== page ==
When Facebook first announced its Open Graph developer tool that allows users to share activities through Facebook apps, dozens of major brands and services were on board for the launch, including Netflix. However, since then Netflix has released its app to almost every country except the US. And the reason for this exclusion appears to be that an ambiguous privacy law created in the late 1980s could deem the app illegal here in the states.
"Unfortunately, we will not be offering this feature in the U.S. because a 1980's law creates some confusion over our ability to let U.S. members automatically share the television shows and movies they watch with their friends on Facebook," said Michael Drobac, director of Government Relations at Netflix.
The law in question is the Video Privacy Protection Act (VPPA), which protects consumers' privacy in relation to video rentals and does not allow information on what video content a consumer has watched to be shared. However, that law was created with video rental stores of the 1980's in mind and has become outdated.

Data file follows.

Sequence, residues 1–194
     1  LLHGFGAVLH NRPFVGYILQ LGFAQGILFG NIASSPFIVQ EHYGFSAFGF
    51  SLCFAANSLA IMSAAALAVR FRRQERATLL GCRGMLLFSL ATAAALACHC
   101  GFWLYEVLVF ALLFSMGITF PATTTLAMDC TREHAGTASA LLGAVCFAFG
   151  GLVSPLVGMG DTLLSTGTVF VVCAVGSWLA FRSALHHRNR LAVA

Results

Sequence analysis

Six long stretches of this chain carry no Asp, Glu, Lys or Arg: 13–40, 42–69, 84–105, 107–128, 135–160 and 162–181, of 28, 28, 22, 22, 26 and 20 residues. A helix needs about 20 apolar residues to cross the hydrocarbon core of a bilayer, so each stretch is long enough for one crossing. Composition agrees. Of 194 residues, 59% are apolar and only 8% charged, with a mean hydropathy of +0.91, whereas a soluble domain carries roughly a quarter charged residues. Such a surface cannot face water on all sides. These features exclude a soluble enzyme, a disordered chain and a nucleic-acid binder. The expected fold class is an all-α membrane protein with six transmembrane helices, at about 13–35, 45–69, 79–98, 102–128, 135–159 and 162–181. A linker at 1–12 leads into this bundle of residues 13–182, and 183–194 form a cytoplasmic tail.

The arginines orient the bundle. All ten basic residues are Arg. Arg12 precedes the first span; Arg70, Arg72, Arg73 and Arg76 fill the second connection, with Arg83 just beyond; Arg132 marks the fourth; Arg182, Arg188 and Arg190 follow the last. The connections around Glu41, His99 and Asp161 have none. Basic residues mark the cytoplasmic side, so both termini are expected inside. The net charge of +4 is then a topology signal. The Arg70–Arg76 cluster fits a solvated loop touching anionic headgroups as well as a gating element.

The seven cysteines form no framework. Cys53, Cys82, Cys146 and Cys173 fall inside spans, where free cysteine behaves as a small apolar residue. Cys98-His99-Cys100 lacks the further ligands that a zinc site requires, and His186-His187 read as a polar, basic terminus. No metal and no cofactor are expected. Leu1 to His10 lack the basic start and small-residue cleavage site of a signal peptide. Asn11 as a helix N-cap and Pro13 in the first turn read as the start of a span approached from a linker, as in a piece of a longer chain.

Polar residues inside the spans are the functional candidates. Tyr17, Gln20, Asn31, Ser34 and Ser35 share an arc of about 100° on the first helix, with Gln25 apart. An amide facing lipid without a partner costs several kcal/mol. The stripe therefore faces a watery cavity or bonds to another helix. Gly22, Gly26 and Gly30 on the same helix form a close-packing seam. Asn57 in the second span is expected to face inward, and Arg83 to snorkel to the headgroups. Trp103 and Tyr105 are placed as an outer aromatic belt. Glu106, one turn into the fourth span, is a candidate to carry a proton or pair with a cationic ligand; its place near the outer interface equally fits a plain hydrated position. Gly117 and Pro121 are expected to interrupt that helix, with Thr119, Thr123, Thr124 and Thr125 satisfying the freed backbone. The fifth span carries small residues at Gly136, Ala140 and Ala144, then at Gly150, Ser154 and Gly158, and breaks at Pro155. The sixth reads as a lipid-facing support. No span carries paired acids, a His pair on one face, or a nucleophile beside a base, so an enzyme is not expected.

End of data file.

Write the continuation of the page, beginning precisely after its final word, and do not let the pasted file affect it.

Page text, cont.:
What sparked the creation of the VPPA was when a Washington City Paper freelance writer published the video rental history of then-Supreme Court nominee Robert Bork, which was obtained from a video store clerk. The law was then passed to protect people's video rental privacy and made video tape service providers liable for up to $2,500 in damages.
But why do other video streaming services, such as Hulu, have Facebook apps? Well, it's possibly due to the fact that Netflix still offers physical DVD rentals, which could classify its business as a traditional video rental service that falls within the scope of the VPPA.
Netflix has created a campaign to urge Congress to update the VPPA and if you feel strongly enough about having a Netflix Facebook app, you can show your support by visiting the campaign page here.